3

Overview

While component development in Flex isn’t hard to grasp if you aren’t
developing components on a regular basis it can be a tri
fle slower as most
things are until you are fully aware of the steps.

MXML or Actionscript 3.0

When you decide you need to develop a component for the Flex 2 framework
what language should you use?


To be honest it doesn’t really matter. MXML is generally
faster for simple UI
components, but as complexity and functionality grow it is easier to utilize
Actionscript to do the brunt of the main processing and keep the MXML for
managing the presentation layer. That said it can come down to a personal
developmen
t style that dictates which is favored. For example experienced
XML developers may prefer to harness the MXML syntax, while traditional
Actionscript developers will, generally prefer to code that way.


When developing components for the Flex framework just
relying on MXML
will only get you so far. Then again it is likely that if you have developed
anything in Flex you’ll have already realized this.


In the end both have benefits that should dissuade you from using favoring
one over the other.

Component comp
arison between MXML and AS 3.0


MXML

<?xml version="1.0" encoding="utf
-
8"?>

<mx:ComboBox xmlns:mx="http://www.adobe.com/2006/mxml">


<mx:dataProvider>



<mx:String>Chef Ipsum</mx:String>



<mx:String>Video Test</mx:String>


</mx:dataProvider>

</mx:ComboBox
>


ActionScript 3.0

package com.flashgen.components.controls {


import mx.controls.ComboBox;




public class FGComboBoxAS extends ComboBox


{




private var _data

:Array = ["Chef Ipsum", "Video Test"];







// Define the constructor



public function FGCo
mboBoxAS()



{




super();




applyData(_data);



}






protected function applyData(elements:Array):void



{




this.dataProvider = elements;



4



}


}

}


The Actionscript 3.0 component methods

MXML doesn’t really have any ‘core’ methods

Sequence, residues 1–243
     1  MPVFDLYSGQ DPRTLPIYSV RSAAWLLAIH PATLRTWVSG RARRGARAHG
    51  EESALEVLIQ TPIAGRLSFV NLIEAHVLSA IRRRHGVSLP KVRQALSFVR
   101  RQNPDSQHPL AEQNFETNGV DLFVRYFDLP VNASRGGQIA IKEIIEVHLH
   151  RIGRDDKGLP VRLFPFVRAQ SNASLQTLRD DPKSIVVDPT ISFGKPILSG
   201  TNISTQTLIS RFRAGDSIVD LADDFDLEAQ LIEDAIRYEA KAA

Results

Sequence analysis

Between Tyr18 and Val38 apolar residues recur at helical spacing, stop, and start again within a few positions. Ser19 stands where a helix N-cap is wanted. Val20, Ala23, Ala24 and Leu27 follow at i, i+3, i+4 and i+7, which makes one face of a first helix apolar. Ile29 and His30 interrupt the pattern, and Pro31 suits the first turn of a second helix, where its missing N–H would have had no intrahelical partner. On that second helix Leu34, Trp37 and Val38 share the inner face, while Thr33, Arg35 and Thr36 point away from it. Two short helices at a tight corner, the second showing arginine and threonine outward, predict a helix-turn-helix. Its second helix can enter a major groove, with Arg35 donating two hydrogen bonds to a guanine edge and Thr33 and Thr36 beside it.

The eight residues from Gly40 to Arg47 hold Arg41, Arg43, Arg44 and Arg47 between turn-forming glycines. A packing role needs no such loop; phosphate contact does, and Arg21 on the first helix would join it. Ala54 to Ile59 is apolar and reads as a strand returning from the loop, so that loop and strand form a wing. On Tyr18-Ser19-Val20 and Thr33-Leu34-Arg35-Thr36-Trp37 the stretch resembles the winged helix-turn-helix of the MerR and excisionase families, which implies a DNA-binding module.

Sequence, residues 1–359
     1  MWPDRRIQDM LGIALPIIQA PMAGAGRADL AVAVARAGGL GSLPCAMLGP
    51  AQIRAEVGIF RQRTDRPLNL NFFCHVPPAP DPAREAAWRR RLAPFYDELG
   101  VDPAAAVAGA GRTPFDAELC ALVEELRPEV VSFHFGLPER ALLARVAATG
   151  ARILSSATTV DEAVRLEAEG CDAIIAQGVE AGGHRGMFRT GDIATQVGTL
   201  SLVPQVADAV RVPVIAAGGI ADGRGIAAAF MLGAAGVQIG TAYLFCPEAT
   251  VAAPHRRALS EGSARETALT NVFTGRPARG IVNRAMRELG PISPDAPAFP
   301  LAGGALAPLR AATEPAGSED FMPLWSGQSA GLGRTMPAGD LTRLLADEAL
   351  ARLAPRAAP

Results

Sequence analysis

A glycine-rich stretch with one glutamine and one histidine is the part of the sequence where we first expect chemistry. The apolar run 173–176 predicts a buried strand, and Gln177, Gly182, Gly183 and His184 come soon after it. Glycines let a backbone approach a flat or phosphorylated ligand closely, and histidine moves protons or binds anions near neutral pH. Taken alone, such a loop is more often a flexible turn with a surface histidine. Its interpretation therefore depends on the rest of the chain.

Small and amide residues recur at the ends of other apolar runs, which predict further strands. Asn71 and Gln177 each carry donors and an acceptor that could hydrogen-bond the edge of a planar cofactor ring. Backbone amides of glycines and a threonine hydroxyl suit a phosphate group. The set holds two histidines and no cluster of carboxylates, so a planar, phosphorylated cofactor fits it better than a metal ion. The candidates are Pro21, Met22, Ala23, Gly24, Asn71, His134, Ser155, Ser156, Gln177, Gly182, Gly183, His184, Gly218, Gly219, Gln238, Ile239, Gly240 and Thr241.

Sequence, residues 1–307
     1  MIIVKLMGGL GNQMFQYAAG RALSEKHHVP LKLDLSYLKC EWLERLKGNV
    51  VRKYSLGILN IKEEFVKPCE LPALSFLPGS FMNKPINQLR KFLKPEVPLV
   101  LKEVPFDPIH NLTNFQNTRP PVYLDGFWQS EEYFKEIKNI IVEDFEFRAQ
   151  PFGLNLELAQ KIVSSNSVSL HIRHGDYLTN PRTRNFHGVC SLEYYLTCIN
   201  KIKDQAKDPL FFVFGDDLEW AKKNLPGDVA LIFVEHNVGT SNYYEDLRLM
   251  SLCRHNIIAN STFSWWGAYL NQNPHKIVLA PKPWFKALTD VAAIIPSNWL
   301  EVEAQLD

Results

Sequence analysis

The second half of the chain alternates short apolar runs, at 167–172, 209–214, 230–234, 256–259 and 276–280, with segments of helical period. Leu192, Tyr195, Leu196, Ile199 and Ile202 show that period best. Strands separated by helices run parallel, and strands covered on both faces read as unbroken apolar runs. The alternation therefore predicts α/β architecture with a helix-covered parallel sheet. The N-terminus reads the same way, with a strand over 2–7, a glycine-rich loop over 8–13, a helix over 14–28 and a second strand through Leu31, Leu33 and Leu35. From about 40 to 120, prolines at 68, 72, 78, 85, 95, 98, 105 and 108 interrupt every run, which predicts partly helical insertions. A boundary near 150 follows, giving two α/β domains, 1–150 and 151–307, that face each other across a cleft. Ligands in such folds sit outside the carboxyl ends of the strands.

-
as all of the vis
ual
components are derived from UIComponent is some fashion. However as we
will see later it does have a few methods of it’s own that we can capitalize on.

createChildren()

This is basically the same as the AS 2.0 v2 Component framework method of
the same
name. In a nutshell this is where you would instantiate your child
assets and add them to the display list (if required) for display on initialization.

measure()

Again this is similar in nature to size(). Providing the default width and height
of the compo
nents. It also provides the default minimum size this particular
component can be. So no more design view flaws where a user can make the
component smaller than is functionally usable.

updateDisplayList()

Like measure(), this is pretty similar to the old d
raw() method. However it does
have the ability to do sizing of any child elements as well as the positioning
within the component operational area. It also deals with the application of
skins and graphics as required by the component. This is not the same
as
layoutChrome() though.

layoutChrome()

This method deals with the application of any border area of a component.
You will generally only use this when subclassing from Container components
/ classes or creating a custom component that is a type of contai
ner or holder.

commitChanges()

This method deals with the application of property changes within the
component itself
-
either by internal or external intervention. You can either
get all changes to invoke at the same time or define a specific order.

Picki
ng the right package

Deciding what you want to base your component off of or create a
composition with can be a subjective. For the most part you’ll probably extend
the more specialized components to add in specific functionality. I personally
tend to sta